GRAND RAPIDS, Ohio – Visitors to the 41st annual Applebutter Fest Oct. 8 will be treated to lots of shopping, demonstrations, food, crafts, children’s activities and music in a historical setting along the Maumee River.
In its 41st year, the festival annually draws tens of thousands of people to downtown Grand Rapids. Hours are 9 a.m.-5 p.m.
The Historical Society of Grand Rapids sponsors the event, which stretches through town from the community park through downtown.
It originally started as a way to demonstrate Maumee River Valley pioneer crafts and skills. Today, the fest has grown to include historical reenactments along the river, live music on several stages, children’s entertainment with jugglers and magicians, classic cars, a World War II encampment, antique farm equipment and farm life demonstrations, handmade juried crafts and collectibles, and of course, apple butter made on site.
To kick off the event on Saturday evening before official start Sunday morning, Abraham Lincoln portrayed by John Cooper of Baltimore, Ohio, is to be featured in a Civil War-era church service that culminates in cannon fire. The services takes place at 7:15 p.m. at the Wright Pavilion on the towpath between Old Gilead Side Cut Canal and the river. Bring lawn chairs or blankets for seating. Participants can visit with Lincoln prior to the service.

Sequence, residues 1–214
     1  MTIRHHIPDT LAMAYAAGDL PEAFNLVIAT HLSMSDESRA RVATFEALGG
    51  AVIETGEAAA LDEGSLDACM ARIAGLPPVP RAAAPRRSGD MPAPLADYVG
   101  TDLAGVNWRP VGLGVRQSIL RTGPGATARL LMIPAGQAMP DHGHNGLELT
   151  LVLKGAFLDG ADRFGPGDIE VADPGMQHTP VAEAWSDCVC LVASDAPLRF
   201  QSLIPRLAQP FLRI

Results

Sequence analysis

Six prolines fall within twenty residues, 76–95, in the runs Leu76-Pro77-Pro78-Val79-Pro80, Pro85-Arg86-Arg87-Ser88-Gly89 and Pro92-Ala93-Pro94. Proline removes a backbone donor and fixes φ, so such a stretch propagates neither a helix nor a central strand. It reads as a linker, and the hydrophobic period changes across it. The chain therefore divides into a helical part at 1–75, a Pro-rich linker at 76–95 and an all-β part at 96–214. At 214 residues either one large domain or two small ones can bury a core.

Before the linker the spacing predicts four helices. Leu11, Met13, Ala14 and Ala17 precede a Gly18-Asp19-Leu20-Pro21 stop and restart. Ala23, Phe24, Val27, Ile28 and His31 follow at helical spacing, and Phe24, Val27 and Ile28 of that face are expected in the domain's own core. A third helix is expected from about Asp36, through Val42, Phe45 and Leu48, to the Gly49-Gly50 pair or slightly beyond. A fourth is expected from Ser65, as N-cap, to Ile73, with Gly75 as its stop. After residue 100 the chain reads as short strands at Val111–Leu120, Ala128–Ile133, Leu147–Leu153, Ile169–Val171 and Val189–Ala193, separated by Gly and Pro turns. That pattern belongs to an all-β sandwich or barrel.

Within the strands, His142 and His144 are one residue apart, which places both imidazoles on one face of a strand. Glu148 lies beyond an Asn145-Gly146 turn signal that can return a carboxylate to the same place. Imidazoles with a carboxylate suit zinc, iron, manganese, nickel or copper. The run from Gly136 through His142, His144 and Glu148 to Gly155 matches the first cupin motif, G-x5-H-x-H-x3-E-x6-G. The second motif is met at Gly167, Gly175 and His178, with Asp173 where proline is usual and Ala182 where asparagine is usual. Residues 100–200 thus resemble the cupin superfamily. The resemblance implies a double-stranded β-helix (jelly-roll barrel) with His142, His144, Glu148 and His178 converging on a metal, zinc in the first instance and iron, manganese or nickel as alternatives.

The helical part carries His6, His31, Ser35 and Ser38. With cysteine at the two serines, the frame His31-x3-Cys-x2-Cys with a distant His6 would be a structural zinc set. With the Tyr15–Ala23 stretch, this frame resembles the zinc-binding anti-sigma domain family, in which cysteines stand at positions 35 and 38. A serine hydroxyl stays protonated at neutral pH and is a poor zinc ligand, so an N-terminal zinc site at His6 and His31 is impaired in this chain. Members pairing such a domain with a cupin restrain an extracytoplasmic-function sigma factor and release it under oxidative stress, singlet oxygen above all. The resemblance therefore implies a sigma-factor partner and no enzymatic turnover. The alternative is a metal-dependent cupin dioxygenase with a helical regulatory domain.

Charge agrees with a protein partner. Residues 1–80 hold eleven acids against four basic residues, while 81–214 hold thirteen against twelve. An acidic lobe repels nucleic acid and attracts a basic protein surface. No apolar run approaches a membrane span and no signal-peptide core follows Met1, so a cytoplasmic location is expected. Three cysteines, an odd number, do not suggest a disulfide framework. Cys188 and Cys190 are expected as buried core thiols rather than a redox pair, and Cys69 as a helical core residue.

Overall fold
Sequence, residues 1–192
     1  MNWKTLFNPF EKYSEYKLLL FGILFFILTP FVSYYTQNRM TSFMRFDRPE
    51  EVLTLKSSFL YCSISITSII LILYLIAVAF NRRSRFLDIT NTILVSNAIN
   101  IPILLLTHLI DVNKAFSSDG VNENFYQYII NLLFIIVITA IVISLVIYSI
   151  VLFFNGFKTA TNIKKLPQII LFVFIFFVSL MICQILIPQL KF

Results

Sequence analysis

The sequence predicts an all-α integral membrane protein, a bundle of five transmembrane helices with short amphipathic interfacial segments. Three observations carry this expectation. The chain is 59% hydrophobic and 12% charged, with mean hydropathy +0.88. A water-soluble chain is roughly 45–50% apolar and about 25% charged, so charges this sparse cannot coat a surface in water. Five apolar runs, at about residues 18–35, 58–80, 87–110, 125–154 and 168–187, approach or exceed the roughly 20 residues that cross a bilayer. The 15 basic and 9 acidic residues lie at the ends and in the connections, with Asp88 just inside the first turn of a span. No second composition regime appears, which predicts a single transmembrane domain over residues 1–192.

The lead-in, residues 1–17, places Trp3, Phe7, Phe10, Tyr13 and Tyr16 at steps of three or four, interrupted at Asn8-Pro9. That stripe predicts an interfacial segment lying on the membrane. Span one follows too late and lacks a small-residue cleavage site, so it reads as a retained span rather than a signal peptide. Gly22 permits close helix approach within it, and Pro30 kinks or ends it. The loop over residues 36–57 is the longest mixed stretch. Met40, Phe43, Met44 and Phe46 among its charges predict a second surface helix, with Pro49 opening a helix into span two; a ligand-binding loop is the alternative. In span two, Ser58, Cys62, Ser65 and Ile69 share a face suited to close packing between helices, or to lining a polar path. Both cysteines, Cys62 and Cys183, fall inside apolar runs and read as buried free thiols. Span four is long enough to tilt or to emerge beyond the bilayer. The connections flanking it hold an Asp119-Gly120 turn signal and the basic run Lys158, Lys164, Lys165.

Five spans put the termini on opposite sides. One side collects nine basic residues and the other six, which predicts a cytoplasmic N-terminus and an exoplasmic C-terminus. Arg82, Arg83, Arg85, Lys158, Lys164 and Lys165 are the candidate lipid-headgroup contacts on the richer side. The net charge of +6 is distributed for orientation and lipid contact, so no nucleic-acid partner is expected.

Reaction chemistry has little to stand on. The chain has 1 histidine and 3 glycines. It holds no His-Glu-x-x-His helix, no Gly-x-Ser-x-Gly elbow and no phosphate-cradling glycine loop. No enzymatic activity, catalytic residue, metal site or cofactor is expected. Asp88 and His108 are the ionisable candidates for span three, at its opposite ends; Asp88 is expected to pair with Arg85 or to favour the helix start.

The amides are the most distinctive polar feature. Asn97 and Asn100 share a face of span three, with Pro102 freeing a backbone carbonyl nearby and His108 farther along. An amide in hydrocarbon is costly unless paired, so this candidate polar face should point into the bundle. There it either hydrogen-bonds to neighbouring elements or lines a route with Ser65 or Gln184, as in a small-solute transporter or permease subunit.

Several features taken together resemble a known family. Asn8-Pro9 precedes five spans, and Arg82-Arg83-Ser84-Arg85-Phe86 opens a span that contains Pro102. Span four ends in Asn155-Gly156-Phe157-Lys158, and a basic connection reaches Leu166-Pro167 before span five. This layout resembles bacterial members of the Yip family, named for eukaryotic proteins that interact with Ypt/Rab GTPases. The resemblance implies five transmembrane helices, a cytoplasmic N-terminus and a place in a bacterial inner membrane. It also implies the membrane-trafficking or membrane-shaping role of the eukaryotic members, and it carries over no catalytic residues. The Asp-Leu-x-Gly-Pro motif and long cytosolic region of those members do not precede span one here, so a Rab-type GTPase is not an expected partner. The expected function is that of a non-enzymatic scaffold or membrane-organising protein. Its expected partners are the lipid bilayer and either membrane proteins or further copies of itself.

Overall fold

Festival organizers are volunteers and the proceeds are returned to the Grand Rapids community. Many local nonprofit organizations are supported by or have the opportunity to generate funding during the festival including youth softball and baseball programs, Grand Rapids Volunteer Fire Department, Otsego High School FFA, a local book and media club and Boy Scout troops.
The historical society supports local programs such as the Rhythm on the River live music series, educational programs at Otsego schools and a summer musical at the town hall. In addition, the society publishes history books about the Grand Rapids area.
Admission is free, but a $15 per vehicle parking fee provides operating funds to keep the festival going every second Sunday in October. Free shuttles provide transportation from parking areas to downtown.